You’re teaching a science class in English to Taiwanese young learners or Art to 5-year-old Spanish students in English.
Are you CLIL’ing? Are you just changing the language from the L1 (the students’ first language) into English (the L2, or the student’s second language)?
This isn’t CLIL.
So what is?
CLIL is teaching any L2 language through a subject.
CLIL focuses on activities/games/methodologies that are used in a TEFL environment, as well as the subject matters (art, history, science etc.), to make the subject matter compelling enough for the students to want to learn its underlying target language.
An example of a CLIL lesson can be seen here, where the students learn about blood and bodily systems. You can see from the beginning half of the video that students remember the different systems in the body and elements of the blood through TPR (Total Physical Response), after which they are given a demonstration of different elements in blood, that’d typically be seen in a science class, to show why blood is red (at 2:55). The fundamental difference between this lesson, which is CLIL based, and a normal lesson is that there’s a mixture of methodologies being used: soare is TEFL based (TPR for instance) and some are typical in a normal subject lesson (science experiments, projects etc.).
This makes CLIL very different from any other lessons. It is certainly unlike foreign language lessons of the past. As David Marsh (one of the creators of CLIL) said in a lecture here, foreign language lessons were often – teacher stands up and talks, students sit down and listen. In CLIL lessons, however, the students have to work together (as you can see in many CLIL lessons: here, here, here from 10:00, here), are often moving around the classroom, to produce something in the subject’s target language. Whereas language lessons of the past were student centered, CLIL is more focused on the students.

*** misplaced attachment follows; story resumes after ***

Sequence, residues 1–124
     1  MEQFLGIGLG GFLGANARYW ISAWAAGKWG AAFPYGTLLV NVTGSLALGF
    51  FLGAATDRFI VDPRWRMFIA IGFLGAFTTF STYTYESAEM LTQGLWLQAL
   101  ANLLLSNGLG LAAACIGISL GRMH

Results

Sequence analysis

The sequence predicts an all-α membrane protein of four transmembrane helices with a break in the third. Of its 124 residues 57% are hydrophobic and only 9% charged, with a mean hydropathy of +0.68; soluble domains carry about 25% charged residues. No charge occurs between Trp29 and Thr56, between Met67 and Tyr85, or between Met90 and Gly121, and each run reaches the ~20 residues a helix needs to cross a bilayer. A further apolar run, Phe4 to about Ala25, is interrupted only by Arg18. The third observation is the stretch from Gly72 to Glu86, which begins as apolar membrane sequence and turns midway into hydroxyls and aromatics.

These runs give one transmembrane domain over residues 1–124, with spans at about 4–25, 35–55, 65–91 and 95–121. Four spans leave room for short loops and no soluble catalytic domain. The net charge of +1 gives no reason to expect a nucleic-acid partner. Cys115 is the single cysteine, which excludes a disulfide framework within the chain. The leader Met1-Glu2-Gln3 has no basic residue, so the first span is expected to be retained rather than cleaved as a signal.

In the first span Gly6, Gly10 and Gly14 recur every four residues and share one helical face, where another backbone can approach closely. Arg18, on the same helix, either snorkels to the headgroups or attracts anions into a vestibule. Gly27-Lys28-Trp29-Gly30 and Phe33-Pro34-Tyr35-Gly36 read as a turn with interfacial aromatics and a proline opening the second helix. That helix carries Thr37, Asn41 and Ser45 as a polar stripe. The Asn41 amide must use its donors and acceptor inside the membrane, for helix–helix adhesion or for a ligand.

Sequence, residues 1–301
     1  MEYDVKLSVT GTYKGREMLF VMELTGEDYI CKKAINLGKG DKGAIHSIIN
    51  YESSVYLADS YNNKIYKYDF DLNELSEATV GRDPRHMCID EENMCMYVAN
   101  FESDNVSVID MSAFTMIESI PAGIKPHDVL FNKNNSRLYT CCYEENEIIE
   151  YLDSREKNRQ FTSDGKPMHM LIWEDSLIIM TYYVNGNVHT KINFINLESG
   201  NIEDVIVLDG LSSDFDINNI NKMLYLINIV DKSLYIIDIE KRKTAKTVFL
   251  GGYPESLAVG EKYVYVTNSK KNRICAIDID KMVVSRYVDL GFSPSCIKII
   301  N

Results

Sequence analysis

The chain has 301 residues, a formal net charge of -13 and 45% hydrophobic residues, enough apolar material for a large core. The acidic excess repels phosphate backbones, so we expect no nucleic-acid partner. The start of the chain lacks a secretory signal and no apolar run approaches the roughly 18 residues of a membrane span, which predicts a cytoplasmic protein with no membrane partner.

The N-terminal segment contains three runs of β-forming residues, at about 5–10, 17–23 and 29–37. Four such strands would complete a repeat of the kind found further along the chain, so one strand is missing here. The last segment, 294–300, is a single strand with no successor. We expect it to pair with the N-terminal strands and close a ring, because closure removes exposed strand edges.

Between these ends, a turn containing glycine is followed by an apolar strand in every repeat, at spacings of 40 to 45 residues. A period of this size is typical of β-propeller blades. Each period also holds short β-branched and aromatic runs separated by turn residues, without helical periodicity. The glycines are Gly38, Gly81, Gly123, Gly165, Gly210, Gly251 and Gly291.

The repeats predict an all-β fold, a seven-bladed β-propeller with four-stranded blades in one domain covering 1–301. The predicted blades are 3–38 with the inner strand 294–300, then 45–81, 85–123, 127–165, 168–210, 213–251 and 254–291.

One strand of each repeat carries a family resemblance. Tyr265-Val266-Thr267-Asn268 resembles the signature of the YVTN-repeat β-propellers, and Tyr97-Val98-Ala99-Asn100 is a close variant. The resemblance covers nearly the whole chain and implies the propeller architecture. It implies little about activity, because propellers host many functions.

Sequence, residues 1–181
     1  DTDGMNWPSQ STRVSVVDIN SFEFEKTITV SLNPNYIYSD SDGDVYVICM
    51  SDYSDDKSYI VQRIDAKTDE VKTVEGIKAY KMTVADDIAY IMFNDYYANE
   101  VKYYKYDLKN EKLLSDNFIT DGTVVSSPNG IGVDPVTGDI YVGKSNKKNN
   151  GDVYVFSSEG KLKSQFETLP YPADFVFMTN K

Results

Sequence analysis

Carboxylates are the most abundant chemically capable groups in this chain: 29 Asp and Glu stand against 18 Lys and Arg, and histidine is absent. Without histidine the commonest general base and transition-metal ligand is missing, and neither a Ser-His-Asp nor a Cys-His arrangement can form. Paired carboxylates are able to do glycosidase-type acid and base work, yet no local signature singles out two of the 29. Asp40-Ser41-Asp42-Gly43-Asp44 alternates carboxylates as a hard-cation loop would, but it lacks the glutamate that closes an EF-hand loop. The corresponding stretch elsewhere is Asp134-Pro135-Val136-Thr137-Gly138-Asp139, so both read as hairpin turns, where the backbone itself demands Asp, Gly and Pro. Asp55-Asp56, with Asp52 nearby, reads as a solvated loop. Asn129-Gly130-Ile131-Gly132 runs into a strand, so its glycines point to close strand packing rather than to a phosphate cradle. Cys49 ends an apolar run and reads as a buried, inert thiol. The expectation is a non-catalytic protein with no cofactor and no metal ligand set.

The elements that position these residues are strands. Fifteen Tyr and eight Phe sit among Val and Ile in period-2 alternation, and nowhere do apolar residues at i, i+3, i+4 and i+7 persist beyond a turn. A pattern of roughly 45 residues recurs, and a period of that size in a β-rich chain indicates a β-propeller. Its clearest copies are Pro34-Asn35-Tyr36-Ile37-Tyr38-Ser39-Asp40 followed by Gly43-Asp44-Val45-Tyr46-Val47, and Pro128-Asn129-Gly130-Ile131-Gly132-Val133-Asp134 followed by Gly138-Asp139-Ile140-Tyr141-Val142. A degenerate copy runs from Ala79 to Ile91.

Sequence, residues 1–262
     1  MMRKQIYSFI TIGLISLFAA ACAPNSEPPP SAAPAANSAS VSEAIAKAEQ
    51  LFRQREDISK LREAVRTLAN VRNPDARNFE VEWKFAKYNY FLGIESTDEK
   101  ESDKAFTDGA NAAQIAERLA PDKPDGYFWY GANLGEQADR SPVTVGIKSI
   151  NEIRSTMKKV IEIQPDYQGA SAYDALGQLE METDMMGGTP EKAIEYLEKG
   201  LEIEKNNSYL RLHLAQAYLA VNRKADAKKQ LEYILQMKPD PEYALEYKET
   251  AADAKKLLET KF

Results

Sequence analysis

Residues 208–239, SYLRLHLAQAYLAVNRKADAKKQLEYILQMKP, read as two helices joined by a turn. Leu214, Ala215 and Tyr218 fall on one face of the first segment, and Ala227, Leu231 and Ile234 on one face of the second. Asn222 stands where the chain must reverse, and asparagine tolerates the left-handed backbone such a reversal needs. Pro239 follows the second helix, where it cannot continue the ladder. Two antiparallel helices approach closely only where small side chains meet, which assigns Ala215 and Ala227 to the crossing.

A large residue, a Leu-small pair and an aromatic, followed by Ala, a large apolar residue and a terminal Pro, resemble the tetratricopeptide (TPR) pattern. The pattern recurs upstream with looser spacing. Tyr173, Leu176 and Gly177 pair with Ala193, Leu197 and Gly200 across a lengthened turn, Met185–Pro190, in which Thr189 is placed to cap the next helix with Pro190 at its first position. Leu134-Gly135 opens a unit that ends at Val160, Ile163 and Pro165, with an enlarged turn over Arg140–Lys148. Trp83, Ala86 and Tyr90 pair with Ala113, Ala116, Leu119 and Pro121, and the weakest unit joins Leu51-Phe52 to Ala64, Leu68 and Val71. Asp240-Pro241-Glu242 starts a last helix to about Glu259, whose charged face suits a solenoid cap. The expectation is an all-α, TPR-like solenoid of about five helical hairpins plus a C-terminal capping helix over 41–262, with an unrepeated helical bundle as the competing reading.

Why does CLIL work?
It all seems to be because CLIL facilitates in students the holy grail of language learning – ‘intrinsic motivation’.
A paper by Jaclyn Bernard highlights how Reminger (2009) found a learner’s interest in a subject deepened if everything in their learning environment (their “teachers, peers, texts, activities etc.) thrusted the learners to solve problems together or on their own (see here p.7-8). This seems to produce the ‘intrinsic motivation’ that students need in order to want to participate more and self-motivate them to persist when presented with difficult problems. The authors of this paper (p.2) too propose that eventually, and most importantly, intrinsically motivated students have better grades and are more productive adults in the workforce.
Google ‘intrinsic motivation and education’ to see the thousands of studies on its importance.
It relates to CLIL because CLIL firstly offers an interesting subject as a framework for students to learn an L2’s language structure. As Oxford University Press explain here, a CLIL lesson in Geography with a Spanish language aim, for example, helps students to retain the Spanish taught better because they are given something interesting to relate it to. Secondly, it works because students are offered to work in pairs, create dialogues and perform many other fun exercises – exercises that mightn’t have been done in the archaic ‘teacher stands up and talks students listen’ model. This newer, more interesting group work and project work seems to motivate learners from a multitude of age groups to engage in the lesson and learn (see here, here, here –although authors express caution, here, here).
And it’s easy to see why – that kid throwing paper and pens and talking in the L1 language may participate if the subject is something other than strictly ‘boring English’. If, for example, students are in a CLIL based chemistry lesson making a poster about Lithium/Francium/Caesium, and their different reactions with water, the naughty student’s fascination with science may compel them to concentrate. By teaching an L2 language through a subject then, students who are otherwise bored or disruptive of a strictly language lesson may be compelled to participate, which likely means they’ll take in the target language. It’s possible that this may be why countries that have adopted a CLIL like approach to language learning have seen an increase in their students’ language ability (see from 15:30).
You may be wondering too – where do adults come into this?
Although CLIL is generally used for younger learners, many adults want to learn English for their careers. This video from 9:53 onwards shows CLIL being used in vocational colleges in Europe, to improve the students English for particular careers. For these students, using polite and proper English is the difference between being hired or sent packing. CLIL then offers the students hands-on, practical experience in dealing with work problems in their work’s language.
CLIL sounds great, how do I ensure it works?
Well, we’ll cover that in our next post.